MakerOS Finally Releases Version 1.0

MakerOS's autoquoting screen

MakerOS's autoquoting screen

After a year of beta testing with over 1500 firms, MakerOS is now publicly available for subscription. 

The interesting startup produces a very powerful cloud-based service designed to vastly simplify the management and administrative activities encountered by typical small and medium sized design and making firms. 

Essentially, it’s a way to automate your design and/or making business by including these and many other key features that any such business would require: 

  • An instant quoting system, embeddable on a website or within invoices for common file types
  • A product manager to track products and services through all lifecycle stages, including inventory management, costing and time tracking
  • Project management functions to track activities associated with a client, including access by team and client, discussions, file sharing and more
  • Billing system to create and issue invoices to clients for work or products and track records

MakerOS also provides ways for you to easily integrate all of this and more into your website or other communication channels, such as Slack, cloud storage or social media. And it works from all platforms, too. 

Using MakerOS on a tablet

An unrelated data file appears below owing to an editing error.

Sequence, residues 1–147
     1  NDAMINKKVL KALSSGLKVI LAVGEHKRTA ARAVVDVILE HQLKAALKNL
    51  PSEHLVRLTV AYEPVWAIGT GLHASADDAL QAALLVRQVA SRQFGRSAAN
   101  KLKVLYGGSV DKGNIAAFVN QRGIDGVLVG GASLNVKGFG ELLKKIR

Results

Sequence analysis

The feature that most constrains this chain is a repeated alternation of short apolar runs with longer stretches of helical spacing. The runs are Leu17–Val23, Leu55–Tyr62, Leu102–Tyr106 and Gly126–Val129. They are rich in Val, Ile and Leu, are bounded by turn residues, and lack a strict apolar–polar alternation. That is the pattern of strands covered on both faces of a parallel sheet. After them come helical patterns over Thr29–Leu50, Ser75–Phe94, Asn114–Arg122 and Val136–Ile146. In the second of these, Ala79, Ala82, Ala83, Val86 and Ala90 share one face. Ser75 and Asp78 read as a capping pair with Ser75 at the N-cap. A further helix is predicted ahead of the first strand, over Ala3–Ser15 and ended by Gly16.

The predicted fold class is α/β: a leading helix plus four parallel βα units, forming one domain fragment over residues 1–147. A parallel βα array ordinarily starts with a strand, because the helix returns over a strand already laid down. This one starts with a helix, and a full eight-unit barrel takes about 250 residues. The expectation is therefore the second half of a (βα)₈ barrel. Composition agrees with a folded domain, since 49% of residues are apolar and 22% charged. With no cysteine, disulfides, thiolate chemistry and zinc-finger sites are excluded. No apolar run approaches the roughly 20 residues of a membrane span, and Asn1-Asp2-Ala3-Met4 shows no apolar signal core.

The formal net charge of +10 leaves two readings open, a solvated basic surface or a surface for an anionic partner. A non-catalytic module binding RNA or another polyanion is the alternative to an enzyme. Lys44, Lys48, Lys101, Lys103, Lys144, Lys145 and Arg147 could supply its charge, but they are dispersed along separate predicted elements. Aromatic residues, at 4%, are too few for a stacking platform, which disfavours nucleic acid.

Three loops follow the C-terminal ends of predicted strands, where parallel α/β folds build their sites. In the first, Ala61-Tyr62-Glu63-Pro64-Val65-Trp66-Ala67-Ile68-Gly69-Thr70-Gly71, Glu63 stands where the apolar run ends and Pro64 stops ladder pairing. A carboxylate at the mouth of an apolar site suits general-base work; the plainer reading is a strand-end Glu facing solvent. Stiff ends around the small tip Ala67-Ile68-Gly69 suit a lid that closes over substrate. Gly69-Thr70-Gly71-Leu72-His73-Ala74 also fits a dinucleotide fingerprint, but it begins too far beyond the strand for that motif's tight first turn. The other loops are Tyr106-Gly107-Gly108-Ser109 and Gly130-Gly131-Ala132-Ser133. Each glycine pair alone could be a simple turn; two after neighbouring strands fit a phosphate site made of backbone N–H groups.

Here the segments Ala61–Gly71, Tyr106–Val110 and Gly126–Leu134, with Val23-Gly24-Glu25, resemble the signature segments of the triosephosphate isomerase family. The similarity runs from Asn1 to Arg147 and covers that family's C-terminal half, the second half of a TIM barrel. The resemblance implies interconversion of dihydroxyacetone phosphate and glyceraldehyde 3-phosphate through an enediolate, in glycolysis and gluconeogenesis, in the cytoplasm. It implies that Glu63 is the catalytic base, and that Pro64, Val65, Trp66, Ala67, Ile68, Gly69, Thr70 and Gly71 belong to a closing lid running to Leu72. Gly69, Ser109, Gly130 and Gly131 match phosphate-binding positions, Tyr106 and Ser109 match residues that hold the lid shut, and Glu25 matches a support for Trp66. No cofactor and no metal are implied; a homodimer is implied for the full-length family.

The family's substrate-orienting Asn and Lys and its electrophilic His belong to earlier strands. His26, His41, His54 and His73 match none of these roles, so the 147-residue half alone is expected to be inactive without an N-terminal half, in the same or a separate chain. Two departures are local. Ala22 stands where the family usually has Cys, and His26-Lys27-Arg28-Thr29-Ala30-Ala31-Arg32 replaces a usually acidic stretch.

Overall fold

Using MakerOS on a tablet

It’s a very powerful package that MakerOS makes available for only USD$20 per month, which I suspect for most people would be far less than the cost of hiring someone to keep track of all this stuff and build the required interfaces. It’s a no-brainer if you’re in this type of business. 

And that’s why I think this is important: many readers of this publication are in fact, makers. You may be making things at work for a big corporation, or you may be making things in your own workshop for fun. 

MakerOS's project window

MakerOS's project window

If you’re the latter case, why not make it a business? Why not take those skills you’ve been developing and try to make some money through 3D design and printing capabilities? If you’ve ever considered selling your services, MakerOS could be a way to instantly professionally organize what you’re doing at very little cost. 

MakerOS also offers some additional services at extra cost, but one that piques interest is what they call the “overflow” service. This service provides an ability for you to offload your extra work to others in their network seamlessly. It can instantly make your small company appear to be a lot bigger by being able to handle jobs you cannot. 

Who knows where such a venture might lead, but you might create an entirely new career and join the ranks of many small local and regional design and print firms that provide great service to local businesses. 

Via MakerOS

General Fabb

Kerry Stevenson, aka "General Fabb" has been writing Fabbaloo posts since he launched the venture in 2007, with an intention to promote and grow the incredible technology of 3D printing across the world. So far, it seems to be working!

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